The opener is “Space Aliens on Maple Lake” by Bill Cutler. It is ice-fishing season, and a downed alien spacecraft lands on Maple Lake. The aliens need to avoid detection by pretending to be an ordinary ice fishing shack, but will they be able to fool the Earthlings? Light comedy with Minnesota stereotypes.
“The Cursed Years” by Cecelia Isaac is the only story with no mention of Minnesota, being set in a fantasy world. The protagonist, Py, is cursed to wander far from his kingdom for seven years. He starts his journey voluntarily in an effort to make the curse less onerous, but soon discovers even thinking about returning home is dangerous. He acquires a talking sword, and an actual goal when he learns there may be a way to break the curse. This is one of the better stories in the volume, and has an obvious sequel hook–it could also be turned into a doorstopper trilogy with enough padding.
“The Harry Hawkins Experience” by Jonathan Rogers has a would-be biographer tagging along with the title character, a wealthy adventurer. They investigate a tomb with restless inhabitants. The writer is a filmmaker, and it shows with a very “this could be a movie” feel. Sadly, Mr. Hawkins is an annoying character who is supposed to become more endearing as the story wears on, but doesn’t.
“Heaven Help Me” by Lindsey Loree is a monologue by a fallen guardian angel. Turns out that Heaven is very judgmental and not at all big on redemption. The protagonist unwittingly helps set an alternative plan in motion.
“Robbing the Grave” by Eric Binfet concerns a guilt-ridden man having dreams that seem to predict the future…and the future is murder. Is this his dead brother giving him another chance to prevent innocent life from being taken, or just his guilt finally causing a permanent breakdown? There’s an in-joke for Marvel Comics fans, and an interesting police character. The protagonist’s relationships with his best friend and girlfriend come off a bit tedious.
“Kreet” by Tina S. Murphy is about a grif, an insectoid creature, named Sooe Han-Cen who is going into the desert to find the stronghold of the titular Kreet. The Kreet are an invasive species with an explosive population curve, and a penchant for eating grif. Sooe’s mission is complicated by all her fellow Agents having already been eaten, and the presence of a foolish treasure hunter who thinks she’s trying to steal his goodies. This is the longest story in the volume, and comes with an extended coda that reveals the consequences of Sooe’s mission from a different perspective.
“Volunteers” by Susan L. Hansen is told in reverse order, starting with the heroes having had successes against the alien slavers called Jakooma, and flashing ever back to how they got there. The most imaginative bit is the psychic whose powers are normally kind of useless due to the future changing every time someone makes a decision, but in dire circumstances that narrow the possibilities, becomes Earth’s one hope for freedom.
And the book closes with “LOST” by Lizzie Scott. Lilith, grieving the loss of her husband and children, has isolated herself in a remote farmhouse. During a blizzard, a very lost little girl named Pyry shows up on her doorstep, and Lilith must put aside her own problems to help the child. But what she does may be more dangerous to Pyry than the thing that got the girl lost in the first place! This too was a good story, that followed through on its fantasy concept well.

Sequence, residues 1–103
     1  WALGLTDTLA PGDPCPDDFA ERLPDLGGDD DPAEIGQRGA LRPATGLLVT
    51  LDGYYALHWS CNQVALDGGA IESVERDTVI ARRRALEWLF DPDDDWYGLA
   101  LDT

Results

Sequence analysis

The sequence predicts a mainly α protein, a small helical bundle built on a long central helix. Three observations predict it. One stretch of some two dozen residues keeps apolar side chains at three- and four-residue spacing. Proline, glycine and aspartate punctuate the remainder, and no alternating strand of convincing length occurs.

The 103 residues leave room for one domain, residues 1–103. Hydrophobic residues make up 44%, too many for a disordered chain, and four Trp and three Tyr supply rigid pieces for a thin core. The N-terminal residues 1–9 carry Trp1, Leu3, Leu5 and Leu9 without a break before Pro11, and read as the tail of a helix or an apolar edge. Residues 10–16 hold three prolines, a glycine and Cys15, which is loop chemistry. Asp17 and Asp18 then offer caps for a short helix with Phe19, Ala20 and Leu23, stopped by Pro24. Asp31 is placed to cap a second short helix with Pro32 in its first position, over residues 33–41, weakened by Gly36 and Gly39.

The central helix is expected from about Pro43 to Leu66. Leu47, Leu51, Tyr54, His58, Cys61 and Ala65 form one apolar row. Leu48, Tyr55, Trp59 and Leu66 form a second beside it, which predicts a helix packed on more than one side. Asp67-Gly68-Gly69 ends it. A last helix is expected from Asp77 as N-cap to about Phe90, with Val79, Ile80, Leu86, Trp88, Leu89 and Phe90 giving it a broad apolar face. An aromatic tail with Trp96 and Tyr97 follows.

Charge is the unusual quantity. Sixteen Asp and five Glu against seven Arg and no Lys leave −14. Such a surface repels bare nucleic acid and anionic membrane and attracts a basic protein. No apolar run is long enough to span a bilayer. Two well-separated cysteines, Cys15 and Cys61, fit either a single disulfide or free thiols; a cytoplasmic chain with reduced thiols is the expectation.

I regret to say that spellchecker typos, the bane of self-publishing editors, are frequent, especially in “Kreet.”
Overall, a decent enough collection of stories, but mostly of local interest to Minnesotans. Others might want to invest in case one of the writers eventually becomes famous.
Book Review: Temporary Walls edited by Greg Ketter and Robert T. Garcia
This short book of fantasy stories was inspired by John Gardner’s On Moral Fiction, in which the author argued that writing fiction is an inherently moral endeavor and that writers, especially those in the fantasy genre, should instruct their readers about “the morality that tends to work for all people throughout the ages.” Art, for him, built temporary walls against the dissolution of what makes us not corpses. And so, six short tales that involve ethics and morality.
“High Ground” by Kathe Koja and Barry N. Malzberg starts off the volume with a murky tale in which a motley group of stock fantasy characters discuss ethical dilemmas in the forest of inconsequence. They do not reach a conclusion; the point perhaps being that there is no conclusion to reach. I will say, however, that the first scenario discussed is one of those forced “no-win” scenarios so beloved of philosophy professors and villains, and loathed by most audiences.
“Dream Harder, Dream True” by Charles de Lint is more optimistic. A young man finds a woman hiding by the back steps of his apartment building and takes her in, because helping is what you do. And in return, she teaches him much more about stories and dreams than he ever imagined.
“Dateline: Colonus” by John M. Ford is a retelling of the death of Oedipus in modern dress, from the perspective of a reporter who is traveling with the family. Can good come from an evil life?
“Woman with Child” by Kristine Kathryn Rusch is about a woman who is cursed (literally) with an unwanted child. She would do nearly anything to be rid of it, but there are still regrets.